There are conventional ideas about how the average person makes a home for themselves and potentially a family, too. In London, an intensifying housing shortage, unrelenting interest from foreign investors and a dearth of rights for renters all contribute to a frenzied preoccupation with the great search for a city-based home. We can’t help peering into the windows of estate agents as we pass by, “just curious”, and then wishing we hadn’t looked because £1,500,000 for a leasehold of a small house is, frankly, depressing. We lament rising rents and energy bills and demonise landlords in conversations with friends and colleagues. UK-wide, we watch reality TV shows addressing the challenges of home renovation or moving house entirely.
I’m as guilty any other for whining about the plight of young people trying to make a living in the city. Yet recently, I received a healthy dose of perspective, in the form of an evocative photography exhibition at the Barbican. Constructing Worlds is a skillfully curated exploration of how people interact with architecture. This is where I first learned about Torre David in Caracas, Venezuela: an unfinished office building that many call home.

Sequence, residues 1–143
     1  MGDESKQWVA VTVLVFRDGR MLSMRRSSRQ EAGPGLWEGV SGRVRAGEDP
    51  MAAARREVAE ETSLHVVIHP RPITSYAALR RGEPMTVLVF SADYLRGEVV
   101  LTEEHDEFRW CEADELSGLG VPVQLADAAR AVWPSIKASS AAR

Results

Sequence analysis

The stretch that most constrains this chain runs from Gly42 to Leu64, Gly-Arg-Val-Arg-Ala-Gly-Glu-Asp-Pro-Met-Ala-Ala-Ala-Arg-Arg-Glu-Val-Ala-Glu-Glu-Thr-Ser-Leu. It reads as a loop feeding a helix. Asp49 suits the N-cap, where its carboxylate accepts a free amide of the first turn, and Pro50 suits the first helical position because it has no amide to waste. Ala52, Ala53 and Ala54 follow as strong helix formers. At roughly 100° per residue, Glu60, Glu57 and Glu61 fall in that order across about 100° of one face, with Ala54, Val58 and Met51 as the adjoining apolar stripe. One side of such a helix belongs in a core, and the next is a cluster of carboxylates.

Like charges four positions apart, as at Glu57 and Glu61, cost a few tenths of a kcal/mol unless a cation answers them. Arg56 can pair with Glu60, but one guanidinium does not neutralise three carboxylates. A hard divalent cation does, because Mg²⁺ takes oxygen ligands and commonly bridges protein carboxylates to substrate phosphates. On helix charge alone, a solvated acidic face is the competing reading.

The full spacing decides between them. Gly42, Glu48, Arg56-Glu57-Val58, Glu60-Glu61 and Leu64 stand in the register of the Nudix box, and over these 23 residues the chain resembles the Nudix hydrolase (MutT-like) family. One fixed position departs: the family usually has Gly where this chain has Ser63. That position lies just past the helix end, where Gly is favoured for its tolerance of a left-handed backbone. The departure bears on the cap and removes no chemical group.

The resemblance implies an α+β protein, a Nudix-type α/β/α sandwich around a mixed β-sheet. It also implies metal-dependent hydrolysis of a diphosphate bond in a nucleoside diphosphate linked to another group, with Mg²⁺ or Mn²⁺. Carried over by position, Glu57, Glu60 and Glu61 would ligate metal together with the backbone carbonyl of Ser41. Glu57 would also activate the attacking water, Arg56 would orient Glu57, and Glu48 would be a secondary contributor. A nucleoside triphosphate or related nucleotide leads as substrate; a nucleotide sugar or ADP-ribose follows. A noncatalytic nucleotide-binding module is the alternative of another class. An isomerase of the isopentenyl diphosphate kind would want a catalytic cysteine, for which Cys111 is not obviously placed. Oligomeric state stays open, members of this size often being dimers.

The 45-floor tower could easily have stood as a relic, a painful reminder of the economic collapse of the country in the late ’90s. However, its appropriation by hard-up urban inhabitants has turned a negative into a positive. Thousands have set up home and shop in the building, creating living spaces with found objects and establishing businesses that serve the emergent micro-community such as hair salons and grocery shops. Photographer Iwan Baan has has captured their lives through his camera lens, neither to pity nor romanticise a less-than-ideal state of affairs, but rather to showcase real human ingenuity and resourcefulness.
Conceptualising your home needn’t involve kitsch furnishings or the perfect feng shui.